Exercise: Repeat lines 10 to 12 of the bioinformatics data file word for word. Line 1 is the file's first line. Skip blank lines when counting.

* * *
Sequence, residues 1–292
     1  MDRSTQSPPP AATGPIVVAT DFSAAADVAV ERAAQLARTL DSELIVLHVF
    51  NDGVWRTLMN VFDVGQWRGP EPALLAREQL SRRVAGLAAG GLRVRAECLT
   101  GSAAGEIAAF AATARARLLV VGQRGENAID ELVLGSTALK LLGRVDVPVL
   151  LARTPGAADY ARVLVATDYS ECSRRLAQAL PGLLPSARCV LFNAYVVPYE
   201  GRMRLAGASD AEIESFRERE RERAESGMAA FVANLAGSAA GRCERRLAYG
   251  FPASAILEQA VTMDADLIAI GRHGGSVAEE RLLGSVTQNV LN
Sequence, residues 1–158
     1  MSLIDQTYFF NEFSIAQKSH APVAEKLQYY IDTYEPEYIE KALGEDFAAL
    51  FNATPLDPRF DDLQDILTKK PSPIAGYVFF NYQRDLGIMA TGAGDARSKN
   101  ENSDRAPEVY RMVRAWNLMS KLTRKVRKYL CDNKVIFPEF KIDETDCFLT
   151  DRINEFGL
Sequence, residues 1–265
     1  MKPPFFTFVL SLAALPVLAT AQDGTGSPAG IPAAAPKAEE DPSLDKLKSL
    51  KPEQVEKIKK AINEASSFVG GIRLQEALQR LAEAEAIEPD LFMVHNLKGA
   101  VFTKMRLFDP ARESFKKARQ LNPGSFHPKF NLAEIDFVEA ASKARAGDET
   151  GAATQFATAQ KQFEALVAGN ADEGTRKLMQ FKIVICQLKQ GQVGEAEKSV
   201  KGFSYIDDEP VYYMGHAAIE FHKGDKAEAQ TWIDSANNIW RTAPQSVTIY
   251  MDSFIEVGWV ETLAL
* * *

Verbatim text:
    51  FNATPLDPRF DDLQDILTKK PSPIAGYVFF NYQRDLGIMA TGAGDARSKN
   101  ENSDRAPEVY RMVRAWNLMS KLTRKVRKYL CDNKVIFPEF KIDETDCFLT
   151  DRINEFGL